Black widow spiders in an urban desert: Population variation in an arthropod pest across metropolitan Phoenix, AZ

Patricia Trubl, Theresa Gburek, Lindsay Miles, James Johnson

Research output: Contribution to journalArticlepeer-review

30 Scopus citations


The effects of urban disturbance are critical to understand, as the majority of the world's population now resides in urban centers. For example, urbanization often leads to reduced species diversity at the expense of a few urban-adapted taxa. However, it remains unclear why some taxa thrive following human disturbance whereas others do poorly. The western black widow spider, Latrodectus hesperus, thrives in disturbed, urban habitat-often forming dense aggregations (i. e., infestations) relative to typical low-density, desert populations. We examined the population dynamics of ten black widow aggregations spread across metropolitan Phoenix, AZ, during the peak of the breeding season (June-August). Here we show that prey abundance, female mass, web volume and population density exhibit minimal temporal variation across the breeding season, but that prey abundance, female mass and population density show significant spatial variation across the ten urban aggregations. Our measure of prey abundance and foraging success, the number of prey carcasses found in black widow webs, shared a strong positive relationship with female mass and population density, but not with web volume. Surprisingly, female mass, web volume and population density were not correlated with each other. The abiotic variables we measured at each site did a poor job of explaining black widow population parameters, although we did find a marginal trend for more recent developments to harbor denser black widow aggregations. Our findings support the generalization that urbanization heightens spatial variation, and we suggest that local urban prey abundance is influential in promoting urban infestations full of heavy, fecund female black widows. Studies of the population ecology of urban pests are necessary to identify the mechanisms allowing some species to thrive following human disturbance while much native biodiversity is lost following urbanization.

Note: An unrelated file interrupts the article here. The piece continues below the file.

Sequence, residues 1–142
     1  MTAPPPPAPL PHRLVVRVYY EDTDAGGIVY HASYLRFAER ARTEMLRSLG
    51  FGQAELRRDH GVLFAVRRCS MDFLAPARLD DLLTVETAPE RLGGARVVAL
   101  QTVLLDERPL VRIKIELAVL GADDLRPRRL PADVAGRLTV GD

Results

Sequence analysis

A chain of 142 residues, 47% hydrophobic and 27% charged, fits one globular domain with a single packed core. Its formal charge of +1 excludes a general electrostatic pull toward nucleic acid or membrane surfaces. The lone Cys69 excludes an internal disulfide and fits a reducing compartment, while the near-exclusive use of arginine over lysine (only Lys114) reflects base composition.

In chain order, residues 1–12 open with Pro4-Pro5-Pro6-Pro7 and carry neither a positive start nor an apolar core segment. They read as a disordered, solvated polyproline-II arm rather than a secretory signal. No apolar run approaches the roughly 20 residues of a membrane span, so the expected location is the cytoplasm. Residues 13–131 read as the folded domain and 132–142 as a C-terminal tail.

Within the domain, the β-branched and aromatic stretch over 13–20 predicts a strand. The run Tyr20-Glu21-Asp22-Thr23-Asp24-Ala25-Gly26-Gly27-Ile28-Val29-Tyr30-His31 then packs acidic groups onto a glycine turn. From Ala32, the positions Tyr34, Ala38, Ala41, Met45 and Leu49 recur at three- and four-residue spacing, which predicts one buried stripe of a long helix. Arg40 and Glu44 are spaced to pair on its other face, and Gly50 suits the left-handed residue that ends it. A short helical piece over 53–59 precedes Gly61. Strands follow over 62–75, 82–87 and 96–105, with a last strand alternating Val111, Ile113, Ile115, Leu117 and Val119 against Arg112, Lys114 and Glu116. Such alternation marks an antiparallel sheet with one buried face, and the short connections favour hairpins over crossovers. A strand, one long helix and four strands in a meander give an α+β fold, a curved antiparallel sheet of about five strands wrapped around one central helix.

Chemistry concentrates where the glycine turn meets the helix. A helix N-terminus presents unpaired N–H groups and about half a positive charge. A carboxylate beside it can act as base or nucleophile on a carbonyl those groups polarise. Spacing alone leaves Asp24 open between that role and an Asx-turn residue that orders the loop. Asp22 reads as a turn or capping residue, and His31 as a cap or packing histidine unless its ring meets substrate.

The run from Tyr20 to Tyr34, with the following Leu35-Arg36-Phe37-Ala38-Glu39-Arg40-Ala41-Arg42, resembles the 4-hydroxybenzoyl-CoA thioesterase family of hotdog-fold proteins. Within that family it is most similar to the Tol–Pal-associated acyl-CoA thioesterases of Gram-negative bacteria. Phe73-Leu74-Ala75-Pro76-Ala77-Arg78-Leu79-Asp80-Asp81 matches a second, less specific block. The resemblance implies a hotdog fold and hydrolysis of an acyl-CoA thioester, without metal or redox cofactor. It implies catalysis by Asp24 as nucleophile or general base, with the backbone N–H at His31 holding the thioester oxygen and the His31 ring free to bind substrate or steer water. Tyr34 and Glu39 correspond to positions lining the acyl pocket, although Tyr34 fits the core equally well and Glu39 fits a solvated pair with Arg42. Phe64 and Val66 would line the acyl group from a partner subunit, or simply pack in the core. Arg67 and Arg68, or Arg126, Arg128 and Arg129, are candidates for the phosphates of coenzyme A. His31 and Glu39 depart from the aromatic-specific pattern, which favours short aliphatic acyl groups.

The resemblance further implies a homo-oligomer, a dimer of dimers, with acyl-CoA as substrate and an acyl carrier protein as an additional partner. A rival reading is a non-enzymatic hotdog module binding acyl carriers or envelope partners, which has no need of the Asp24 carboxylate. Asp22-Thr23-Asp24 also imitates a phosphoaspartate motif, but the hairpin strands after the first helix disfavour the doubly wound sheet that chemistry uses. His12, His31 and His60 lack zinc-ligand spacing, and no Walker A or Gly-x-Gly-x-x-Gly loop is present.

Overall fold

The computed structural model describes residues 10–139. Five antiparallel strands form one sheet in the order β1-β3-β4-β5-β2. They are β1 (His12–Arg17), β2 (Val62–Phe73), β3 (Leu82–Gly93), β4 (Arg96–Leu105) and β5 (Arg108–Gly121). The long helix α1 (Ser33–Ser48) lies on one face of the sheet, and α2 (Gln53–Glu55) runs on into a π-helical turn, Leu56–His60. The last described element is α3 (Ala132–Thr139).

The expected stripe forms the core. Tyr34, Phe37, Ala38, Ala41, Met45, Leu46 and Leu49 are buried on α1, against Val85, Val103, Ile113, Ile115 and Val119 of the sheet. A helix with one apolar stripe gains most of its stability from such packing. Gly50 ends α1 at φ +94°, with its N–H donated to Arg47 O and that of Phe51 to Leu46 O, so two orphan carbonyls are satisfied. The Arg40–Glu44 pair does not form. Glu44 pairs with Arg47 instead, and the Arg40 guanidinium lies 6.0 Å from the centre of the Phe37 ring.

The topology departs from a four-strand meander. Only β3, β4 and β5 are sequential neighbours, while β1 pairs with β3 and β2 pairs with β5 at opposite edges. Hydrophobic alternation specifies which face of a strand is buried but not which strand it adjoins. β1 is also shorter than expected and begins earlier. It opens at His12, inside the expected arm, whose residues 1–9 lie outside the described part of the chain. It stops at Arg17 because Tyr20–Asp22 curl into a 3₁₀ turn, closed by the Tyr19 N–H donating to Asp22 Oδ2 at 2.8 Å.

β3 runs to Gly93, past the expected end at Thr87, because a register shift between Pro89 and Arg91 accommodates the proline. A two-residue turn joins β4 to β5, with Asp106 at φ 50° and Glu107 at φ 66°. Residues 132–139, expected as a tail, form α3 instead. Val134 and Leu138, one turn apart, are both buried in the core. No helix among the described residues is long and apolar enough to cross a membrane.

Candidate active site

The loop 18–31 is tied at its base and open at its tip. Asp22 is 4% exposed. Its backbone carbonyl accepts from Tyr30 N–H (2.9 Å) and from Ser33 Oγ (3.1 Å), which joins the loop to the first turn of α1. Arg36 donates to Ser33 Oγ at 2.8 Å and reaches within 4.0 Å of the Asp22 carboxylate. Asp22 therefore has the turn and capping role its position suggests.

Original languageEnglish (US)
Pages (from-to)599-609
Number of pages11
JournalUrban Ecosystems
Issue number3
StatePublished - Sep 2012


  • Latrodectus hesperus
  • Population dynamics
  • Spatial variation
  • Urbanization

ASJC Scopus subject areas

  • Ecology
  • Urban Studies


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